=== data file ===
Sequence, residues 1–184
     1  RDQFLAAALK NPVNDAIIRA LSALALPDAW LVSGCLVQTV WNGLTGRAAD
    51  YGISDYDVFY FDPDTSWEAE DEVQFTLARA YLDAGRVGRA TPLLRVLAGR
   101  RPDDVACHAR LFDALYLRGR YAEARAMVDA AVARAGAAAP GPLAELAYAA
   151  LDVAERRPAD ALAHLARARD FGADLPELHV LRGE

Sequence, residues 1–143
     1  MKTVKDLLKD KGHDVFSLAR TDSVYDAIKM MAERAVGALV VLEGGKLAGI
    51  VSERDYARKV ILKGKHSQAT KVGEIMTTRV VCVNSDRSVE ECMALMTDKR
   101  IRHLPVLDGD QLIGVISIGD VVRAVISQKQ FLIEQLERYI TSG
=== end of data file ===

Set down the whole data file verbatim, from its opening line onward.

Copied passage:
Sequence, residues 1–184
     1  RDQFLAAALK NPVNDAIIRA LSALALPDAW LVSGCLVQTV WNGLTGRAAD
    51  YGISDYDVFY FDPDTSWEAE DEVQFTLARA YLDAGRVGRA TPLLRVLAGR
   101  RPDDVACHAR LFDALYLRGR YAEARAMVDA AVARAGAAAP GPLAELAYAA
   151  LDVAERRPAD ALAHLARARD FGADLPELHV LRGE

Sequence, residues 1–143
     1  MKTVKDLLKD KGHDVFSLAR TDSVYDAIKM MAERAVGALV VLEGGKLAGI
    51  VSERDYARKV ILKGKHSQAT KVGEIMTTRV VCVNSDRSVE ECMALMTDKR
   101  IRHLPVLDGD QLIGVISIGD VVRAVISQKQ FLIEQLERYI TSG